The Department of Water and Power's water rationing program was blamed Tuesday for the rash of water main breaks last summer that damaged several homes and businesses and created a massive sinkhole that nearly swallowed a fire truck.
They determined that the DWP's mandatory water conservation program created drastic changes in water pressure that put stress on corroded cast-iron pipes.
Bardet said the panel concluded that banning residents from turning on their sprinklers except for a few hours on Mondays and Thursdays was a major factor in the 101 water main breaks reported from last July through September -- double the normal number for that time period.
"We are only allowed to water lawns on Mondays and Thursdays, so what happened was everybody was watering their lawns on these two days and the water pressure dropped," Bardet said.
"As a result, we submitted our pipes to more cycles of water pressure. In other words, the maximum water pressure did not change, but the minimum did. And this cyclic pressure created fatigue (on corroded pipes)."
Testifying before the City Council's Energy and the Environment Committee on Tuesday afternoon, Bardet recommended changing the schedule of the water rationing so that residents with odd-numbered homes water their lawns on a different day than residents with even-numbered homes.
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"If we do a more even distribution of water usage, it will decrease the pressure drops and then it would decrease the big stress variation on the pipes and will reduce the breaks," he said.
Bardet warned that unless the water pressure becomes more consistent, more blow-ups can be expected this summer.
"When you create sudden variations like we've done with the water rationing, then all the pipes which were supposed to fail ... failed. So you create a rash," he said. "Usually, the good thing about that is after the rash, you have a period of calm. When the summer comes, then you get again the surge the rash of pipes breaking."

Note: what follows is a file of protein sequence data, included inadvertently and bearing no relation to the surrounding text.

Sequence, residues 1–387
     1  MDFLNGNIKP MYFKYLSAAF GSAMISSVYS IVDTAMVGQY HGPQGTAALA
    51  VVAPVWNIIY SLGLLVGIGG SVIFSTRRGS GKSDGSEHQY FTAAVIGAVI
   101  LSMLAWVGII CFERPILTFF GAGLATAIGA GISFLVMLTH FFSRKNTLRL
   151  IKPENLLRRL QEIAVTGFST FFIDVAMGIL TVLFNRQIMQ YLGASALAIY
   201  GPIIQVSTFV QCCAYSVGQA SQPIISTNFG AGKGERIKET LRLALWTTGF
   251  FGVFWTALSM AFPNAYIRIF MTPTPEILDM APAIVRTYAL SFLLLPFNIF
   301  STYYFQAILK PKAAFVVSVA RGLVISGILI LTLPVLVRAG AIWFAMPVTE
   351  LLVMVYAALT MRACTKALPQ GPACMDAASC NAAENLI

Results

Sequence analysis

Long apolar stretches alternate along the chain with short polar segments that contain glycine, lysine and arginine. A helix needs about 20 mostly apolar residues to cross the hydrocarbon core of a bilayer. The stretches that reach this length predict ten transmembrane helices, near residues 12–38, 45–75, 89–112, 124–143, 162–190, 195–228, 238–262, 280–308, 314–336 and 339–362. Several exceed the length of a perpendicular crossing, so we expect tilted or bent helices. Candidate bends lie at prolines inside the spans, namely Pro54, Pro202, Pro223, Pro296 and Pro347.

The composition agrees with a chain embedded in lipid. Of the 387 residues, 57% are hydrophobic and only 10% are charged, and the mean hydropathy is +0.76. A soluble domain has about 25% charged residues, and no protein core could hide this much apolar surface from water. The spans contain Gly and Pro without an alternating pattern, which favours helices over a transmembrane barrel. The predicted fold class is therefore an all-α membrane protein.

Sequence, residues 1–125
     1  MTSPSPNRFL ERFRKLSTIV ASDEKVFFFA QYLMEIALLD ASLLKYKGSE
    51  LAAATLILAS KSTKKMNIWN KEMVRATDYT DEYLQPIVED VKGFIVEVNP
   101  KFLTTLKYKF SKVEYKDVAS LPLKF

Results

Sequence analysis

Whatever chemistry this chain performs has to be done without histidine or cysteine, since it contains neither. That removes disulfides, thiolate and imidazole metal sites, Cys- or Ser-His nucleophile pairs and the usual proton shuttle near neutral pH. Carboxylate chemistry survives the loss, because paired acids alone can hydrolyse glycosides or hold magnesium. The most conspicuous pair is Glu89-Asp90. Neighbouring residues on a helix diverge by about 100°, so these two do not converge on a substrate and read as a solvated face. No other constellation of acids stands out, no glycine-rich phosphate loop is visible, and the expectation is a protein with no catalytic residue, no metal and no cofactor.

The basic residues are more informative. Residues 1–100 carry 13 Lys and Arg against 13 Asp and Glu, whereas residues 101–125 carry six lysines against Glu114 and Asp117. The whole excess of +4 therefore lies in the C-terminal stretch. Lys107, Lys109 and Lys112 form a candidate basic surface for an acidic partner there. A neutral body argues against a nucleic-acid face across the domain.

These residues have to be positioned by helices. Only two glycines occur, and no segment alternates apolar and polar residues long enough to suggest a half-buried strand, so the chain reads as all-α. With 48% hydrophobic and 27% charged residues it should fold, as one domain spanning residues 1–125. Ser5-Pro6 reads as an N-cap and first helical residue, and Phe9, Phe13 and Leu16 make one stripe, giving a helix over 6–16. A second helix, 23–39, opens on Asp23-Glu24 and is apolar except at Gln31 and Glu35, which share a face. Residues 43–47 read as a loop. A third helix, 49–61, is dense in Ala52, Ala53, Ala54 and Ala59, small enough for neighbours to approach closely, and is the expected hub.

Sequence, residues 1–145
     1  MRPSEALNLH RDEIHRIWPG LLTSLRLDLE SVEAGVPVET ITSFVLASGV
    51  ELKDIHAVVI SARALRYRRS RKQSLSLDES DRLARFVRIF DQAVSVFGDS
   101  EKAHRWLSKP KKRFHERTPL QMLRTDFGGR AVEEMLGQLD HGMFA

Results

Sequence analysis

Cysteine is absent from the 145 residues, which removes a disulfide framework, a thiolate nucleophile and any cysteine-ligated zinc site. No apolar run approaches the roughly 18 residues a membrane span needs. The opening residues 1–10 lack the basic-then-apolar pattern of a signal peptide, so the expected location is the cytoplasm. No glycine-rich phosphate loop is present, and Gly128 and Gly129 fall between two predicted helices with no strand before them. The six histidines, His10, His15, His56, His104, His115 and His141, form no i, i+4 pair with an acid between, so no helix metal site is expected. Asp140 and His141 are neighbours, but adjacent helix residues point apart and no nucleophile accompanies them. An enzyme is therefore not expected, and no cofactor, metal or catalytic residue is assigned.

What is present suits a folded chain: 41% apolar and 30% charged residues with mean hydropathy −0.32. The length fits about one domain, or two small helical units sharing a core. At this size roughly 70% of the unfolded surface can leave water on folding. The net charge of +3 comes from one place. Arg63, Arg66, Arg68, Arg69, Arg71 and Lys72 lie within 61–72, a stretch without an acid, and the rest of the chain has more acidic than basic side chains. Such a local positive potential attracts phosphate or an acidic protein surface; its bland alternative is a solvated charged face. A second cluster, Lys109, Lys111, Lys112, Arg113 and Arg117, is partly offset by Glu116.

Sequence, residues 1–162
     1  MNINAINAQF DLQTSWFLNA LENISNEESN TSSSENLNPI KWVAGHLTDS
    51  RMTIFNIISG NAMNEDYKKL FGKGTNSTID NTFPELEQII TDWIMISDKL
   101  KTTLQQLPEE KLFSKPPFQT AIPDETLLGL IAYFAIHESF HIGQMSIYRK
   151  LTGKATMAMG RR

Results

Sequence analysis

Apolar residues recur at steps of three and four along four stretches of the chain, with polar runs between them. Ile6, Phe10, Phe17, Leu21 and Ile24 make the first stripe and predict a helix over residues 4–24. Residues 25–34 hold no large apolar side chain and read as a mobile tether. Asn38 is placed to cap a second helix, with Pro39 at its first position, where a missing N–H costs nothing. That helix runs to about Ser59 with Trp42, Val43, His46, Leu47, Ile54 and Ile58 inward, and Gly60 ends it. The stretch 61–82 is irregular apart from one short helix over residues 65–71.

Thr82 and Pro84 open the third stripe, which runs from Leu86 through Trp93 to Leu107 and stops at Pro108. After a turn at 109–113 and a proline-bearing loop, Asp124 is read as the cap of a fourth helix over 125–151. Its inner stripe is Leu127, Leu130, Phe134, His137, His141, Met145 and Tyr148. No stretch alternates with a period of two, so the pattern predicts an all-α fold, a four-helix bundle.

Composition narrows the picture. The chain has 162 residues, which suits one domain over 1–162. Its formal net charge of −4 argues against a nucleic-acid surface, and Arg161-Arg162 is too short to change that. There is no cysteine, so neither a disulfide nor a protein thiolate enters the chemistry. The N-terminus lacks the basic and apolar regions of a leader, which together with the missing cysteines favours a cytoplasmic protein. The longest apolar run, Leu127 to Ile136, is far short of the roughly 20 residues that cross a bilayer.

Bardet also recommended that the DWP implement an aggressive program to replace brittle pipes, and use high-tech devices such as ground-penetrating radar to detect small leaks before they turn into "geysers."
DWP spokesman Joseph Ramallo said the utility had yet to analyze the findings of Bardet's team.
"DWP's internal investigation explored current water restrictions as a possible factor. However, our investigation found the data on the effects of outdoor water restrictions to be inconclusive," Ramallo said.
"The data on case iron pipe corrosion proved far more compelling and definitive," he said. "The department believes corrosion is the indisputable and primary factor in most of our water main breaks, including those from last September. We believe Dr. Bardet's findings will support this position."
Ramallo added, "It is the department's position that the operational changes to accommodate the City Trunk Line repairs resulted in ruptures on mostly cast-iron mains, which accounts for the increased severity of the breaks in the weeks that followed."
He also said the DWP averages 19.85 leaks and breaks per 100 miles of pipe -- well below the national average of 25 leaks and breaks per 100 miles of pipe.
Bardet's testimony came hours after the DWP issued a statement saying its mandatory water conservation program, which has been in place since last June, prompted Angelenos to cut their water use by nearly 30 billion gallons -- enough to serve 231,000 households for a year.
The DWP reported that Angelenos' water use in February matched 1979 levels.
Also Tuesday, the City Council's Energy and the Environment Committee heard testimony about proposals to have the DWP come under the oversight of ratepayer advocate, inspector-general and/or ombudsman. It directed staff to report on the pros and cons of each proposal within a month.